Assembly government officials say at-risk patients should get vaccinated against flu, after increases in cases across Wales.
GPs are reporting 92 cases per 100,000 of the Welsh population - up from 82 last week.
Health officials say the cases of the illness remain typical for the time of year.
However, at-risk groups, including pregnant women are being asked to get immunised if they have not done so.
"We have made clear that people in seasonal flu at-risk groups, including pregnant women, are at a higher risk of complications from seasonal flu, and the best protection is vaccination," said a spokesperson for the assembly government.
"A press and publicity campaign has been running since October and has included television, radio and bus adverts to ensure that people know if they are in an at-risk group and that the vaccine is available free of charge from the GP.
"We continue to strongly advise all those in the at-risk groups to get vaccinated if they have not already."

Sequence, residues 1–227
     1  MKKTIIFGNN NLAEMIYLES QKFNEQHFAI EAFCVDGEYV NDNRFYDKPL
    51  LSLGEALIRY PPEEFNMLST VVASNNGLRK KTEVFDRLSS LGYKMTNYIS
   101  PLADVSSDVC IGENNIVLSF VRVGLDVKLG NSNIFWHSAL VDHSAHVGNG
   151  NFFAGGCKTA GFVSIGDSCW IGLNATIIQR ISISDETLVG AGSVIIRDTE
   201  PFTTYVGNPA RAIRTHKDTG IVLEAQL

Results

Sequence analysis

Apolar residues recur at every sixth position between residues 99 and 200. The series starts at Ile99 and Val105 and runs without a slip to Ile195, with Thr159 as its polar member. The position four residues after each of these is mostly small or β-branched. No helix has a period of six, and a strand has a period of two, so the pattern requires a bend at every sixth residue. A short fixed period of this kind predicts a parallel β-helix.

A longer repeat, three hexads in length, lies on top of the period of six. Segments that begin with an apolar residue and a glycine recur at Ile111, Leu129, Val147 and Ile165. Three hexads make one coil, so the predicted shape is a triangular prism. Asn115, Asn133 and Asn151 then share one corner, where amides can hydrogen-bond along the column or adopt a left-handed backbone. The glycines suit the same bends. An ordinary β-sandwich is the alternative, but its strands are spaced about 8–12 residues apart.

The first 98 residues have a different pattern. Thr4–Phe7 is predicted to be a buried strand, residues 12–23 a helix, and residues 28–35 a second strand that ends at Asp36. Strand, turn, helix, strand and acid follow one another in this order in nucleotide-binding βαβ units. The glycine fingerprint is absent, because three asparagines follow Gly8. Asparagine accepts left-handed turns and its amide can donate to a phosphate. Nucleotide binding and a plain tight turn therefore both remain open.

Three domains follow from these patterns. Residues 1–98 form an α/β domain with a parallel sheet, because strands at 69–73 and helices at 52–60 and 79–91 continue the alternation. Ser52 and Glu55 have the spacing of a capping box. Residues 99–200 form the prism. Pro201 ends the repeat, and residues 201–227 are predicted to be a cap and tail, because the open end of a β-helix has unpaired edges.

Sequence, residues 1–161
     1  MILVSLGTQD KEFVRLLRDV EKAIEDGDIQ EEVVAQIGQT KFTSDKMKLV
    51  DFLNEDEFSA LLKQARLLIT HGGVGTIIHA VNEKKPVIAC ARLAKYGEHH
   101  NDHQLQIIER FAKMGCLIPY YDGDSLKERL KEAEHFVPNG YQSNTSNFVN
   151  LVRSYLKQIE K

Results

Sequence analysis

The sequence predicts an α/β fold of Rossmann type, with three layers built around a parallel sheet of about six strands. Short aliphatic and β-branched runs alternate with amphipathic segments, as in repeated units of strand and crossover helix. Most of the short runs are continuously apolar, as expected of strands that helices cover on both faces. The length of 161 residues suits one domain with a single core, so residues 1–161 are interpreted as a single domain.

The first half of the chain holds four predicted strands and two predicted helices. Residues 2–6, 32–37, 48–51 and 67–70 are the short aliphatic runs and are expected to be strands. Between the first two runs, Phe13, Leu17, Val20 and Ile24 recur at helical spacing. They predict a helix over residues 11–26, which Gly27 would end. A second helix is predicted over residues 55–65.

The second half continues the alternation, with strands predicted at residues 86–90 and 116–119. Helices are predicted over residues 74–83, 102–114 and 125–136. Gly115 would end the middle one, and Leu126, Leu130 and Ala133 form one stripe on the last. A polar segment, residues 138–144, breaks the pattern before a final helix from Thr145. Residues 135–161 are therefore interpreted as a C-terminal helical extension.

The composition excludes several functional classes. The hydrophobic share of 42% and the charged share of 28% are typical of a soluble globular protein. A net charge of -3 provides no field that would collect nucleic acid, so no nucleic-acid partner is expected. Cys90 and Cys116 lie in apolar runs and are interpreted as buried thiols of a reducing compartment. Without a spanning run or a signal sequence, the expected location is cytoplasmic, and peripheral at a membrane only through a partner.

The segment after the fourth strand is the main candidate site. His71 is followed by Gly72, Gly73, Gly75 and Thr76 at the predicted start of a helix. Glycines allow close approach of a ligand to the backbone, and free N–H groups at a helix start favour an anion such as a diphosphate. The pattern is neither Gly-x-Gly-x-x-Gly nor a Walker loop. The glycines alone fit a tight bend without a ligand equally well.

One of the main concerns for health officials has been the number of people contracting swine flu strains of the disease, H1N1.
In the UK, 27 people have died from flu this season, of which nine were children. Among the fatalities, 24 had swine flu.
However, the H1N1 swine flu strain is protected against in the current seasonal flu vaccination.
"It's the end of an extremely cold and unpleasant December and we would be expecting to see more flu at this time of year anyway, but certainly the numbers do appear to be going up" said Dr David Bailey, chairman of the British Medical Association's GP committee in Wales.
"I think the problem has been that a lot more people are getting seriously ill with it, and certainly the pressure on intensive care units has been significantly greater."
"Of course - that is one of the things that is covered in the immunisation."